“If you want to work 40 hours a week, we’ll get you 40 hours a week right from jump,” Smith said. “If you can’t do that as an employer, they’ve got 10 other options in their inbox. At our company, we are determined to make sure that the people who come in that get hired walk out with a schedule on Day One. And, from there, what can we do to support that person when they have that first question or the first hiccup with a client to make sure that they feel supported in those moments?”

Sometimes it’s difficult knowing if the culture that a CEO is trying to set is resonating with new hires, Smith said.

Recently, as caregivers are onboarded with a variety of backgrounds, needs and wishes, he feels like the message is getting across.

“Looking through our new hires I’ll see a home health aide in Boston who is available on weekdays from 11 p.m. to 7 a.m.,” Smith said. “The next one is available from 8 a.m. to 2 p.m. three days a week. The next one four days a week. What that tells me is that the message is clear: when you apply with us, we’re going to accommodate you.”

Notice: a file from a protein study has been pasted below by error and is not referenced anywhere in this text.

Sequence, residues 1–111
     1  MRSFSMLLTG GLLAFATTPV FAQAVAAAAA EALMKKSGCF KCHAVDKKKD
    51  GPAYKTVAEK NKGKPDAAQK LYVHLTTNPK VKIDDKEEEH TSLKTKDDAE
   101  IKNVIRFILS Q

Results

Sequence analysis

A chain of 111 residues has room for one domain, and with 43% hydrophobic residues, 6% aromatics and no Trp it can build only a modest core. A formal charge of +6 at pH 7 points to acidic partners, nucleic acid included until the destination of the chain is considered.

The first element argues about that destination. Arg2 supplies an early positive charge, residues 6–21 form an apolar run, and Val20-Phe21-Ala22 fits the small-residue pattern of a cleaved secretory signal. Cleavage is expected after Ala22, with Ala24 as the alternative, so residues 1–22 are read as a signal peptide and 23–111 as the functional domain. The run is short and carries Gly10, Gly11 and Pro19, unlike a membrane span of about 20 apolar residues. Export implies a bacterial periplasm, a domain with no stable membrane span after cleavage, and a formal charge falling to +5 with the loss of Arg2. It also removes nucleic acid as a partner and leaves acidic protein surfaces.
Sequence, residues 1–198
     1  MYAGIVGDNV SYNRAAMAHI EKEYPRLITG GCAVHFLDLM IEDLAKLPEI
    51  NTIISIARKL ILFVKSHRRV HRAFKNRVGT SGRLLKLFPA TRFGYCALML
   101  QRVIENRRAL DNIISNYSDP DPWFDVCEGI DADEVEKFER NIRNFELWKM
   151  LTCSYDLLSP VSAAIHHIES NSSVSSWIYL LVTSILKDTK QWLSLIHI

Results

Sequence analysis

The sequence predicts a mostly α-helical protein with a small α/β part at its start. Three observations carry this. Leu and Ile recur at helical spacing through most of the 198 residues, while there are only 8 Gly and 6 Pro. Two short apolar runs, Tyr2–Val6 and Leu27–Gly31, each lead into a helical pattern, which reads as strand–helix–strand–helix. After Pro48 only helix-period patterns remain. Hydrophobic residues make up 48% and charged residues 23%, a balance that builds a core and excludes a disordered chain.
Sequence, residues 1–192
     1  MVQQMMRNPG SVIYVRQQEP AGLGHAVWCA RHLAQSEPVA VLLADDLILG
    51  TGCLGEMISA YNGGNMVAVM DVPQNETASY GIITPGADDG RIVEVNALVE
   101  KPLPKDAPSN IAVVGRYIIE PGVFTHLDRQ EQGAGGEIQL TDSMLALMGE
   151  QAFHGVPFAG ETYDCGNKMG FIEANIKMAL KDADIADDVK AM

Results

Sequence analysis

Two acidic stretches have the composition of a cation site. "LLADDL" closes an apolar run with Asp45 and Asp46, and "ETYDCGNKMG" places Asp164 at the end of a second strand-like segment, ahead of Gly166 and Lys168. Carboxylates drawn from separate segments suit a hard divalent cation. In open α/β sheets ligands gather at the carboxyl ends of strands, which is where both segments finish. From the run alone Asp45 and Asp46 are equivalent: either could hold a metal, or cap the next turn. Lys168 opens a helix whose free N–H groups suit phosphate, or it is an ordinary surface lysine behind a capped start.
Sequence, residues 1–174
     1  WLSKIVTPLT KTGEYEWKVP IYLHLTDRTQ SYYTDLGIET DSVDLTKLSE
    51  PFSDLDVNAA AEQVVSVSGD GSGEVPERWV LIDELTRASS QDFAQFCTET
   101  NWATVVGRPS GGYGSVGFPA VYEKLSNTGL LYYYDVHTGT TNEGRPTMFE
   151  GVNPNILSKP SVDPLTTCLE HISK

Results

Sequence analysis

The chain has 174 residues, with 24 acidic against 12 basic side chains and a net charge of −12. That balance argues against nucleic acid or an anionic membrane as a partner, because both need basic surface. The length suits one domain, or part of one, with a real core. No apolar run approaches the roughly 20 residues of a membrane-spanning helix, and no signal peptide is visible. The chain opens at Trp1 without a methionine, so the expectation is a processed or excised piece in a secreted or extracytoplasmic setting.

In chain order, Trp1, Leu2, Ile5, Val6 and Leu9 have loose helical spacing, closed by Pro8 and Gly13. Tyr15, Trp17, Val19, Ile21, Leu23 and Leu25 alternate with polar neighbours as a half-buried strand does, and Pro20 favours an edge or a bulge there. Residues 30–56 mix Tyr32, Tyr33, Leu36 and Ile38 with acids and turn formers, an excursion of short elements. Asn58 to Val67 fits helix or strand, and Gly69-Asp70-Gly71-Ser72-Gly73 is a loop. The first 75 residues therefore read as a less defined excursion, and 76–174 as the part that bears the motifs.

‘Our job to take care of you’

At Family Tree Private Care, the caregiver has been at the forefront for company leaders since it was started in 2011.

“It’s been our mindset since Day One,” Family Tree Private Care CEO Daniel Gottschalk told HHCN. “When our new care providers come to orientation at Family Tree, we make sure that they understand that it is our job to take care of them, so that they can take care of our clients. I think the industry has done a pretty good job of trying to embrace that.”

Family Tree offers concierge-level caregiving, private nursing and care management services in Texas and Colorado.

Because the company doesn’t cover a large geographical area, its focus — and most of its success — comes from concentrating on the markets that it’s in. That includes hiring and retention strategies.

“Our entire strategy has been built around depth in markets,” Gottschalk said. “We aren’t in 300 locations like many providers, we’re only in a handful, but we are a big player in a handful of locations. Our stated goal is to become the employer of choice in every single market we serve and that’s what gives us growth. The clients are there, but the care providers are not. So if we can be the leading employer in every market we serve, it gives us a great reputation and a leg up on all the competition.”